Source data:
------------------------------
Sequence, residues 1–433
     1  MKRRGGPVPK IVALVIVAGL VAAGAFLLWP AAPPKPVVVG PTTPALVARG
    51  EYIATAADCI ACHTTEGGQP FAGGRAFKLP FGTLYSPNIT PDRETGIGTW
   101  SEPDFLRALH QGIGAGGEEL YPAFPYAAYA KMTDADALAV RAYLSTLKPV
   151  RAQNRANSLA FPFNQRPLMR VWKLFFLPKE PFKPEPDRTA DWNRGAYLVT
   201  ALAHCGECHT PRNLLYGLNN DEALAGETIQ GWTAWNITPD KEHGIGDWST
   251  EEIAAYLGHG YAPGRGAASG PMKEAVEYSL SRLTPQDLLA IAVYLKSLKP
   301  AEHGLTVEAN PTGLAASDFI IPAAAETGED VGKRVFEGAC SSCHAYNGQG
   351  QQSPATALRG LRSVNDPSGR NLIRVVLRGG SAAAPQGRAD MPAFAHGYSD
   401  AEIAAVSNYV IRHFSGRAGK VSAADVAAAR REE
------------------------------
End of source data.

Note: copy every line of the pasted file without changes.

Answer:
Sequence, residues 1–433
     1  MKRRGGPVPK IVALVIVAGL VAAGAFLLWP AAPPKPVVVG PTTPALVARG
    51  EYIATAADCI ACHTTEGGQP FAGGRAFKLP FGTLYSPNIT PDRETGIGTW
   101  SEPDFLRALH QGIGAGGEEL YPAFPYAAYA KMTDADALAV RAYLSTLKPV
   151  RAQNRANSLA FPFNQRPLMR VWKLFFLPKE PFKPEPDRTA DWNRGAYLVT
   201  ALAHCGECHT PRNLLYGLNN DEALAGETIQ GWTAWNITPD KEHGIGDWST
   251  EEIAAYLGHG YAPGRGAASG PMKEAVEYSL SRLTPQDLLA IAVYLKSLKP
   301  AEHGLTVEAN PTGLAASDFI IPAAAETGED VGKRVFEGAC SSCHAYNGQG
   351  QQSPATALRG LRSVNDPSGR NLIRVVLRGG SAAAPQGRAD MPAFAHGYSD
   401  AEIAAVSNYV IRHFSGRAGK VSAADVAAAR REE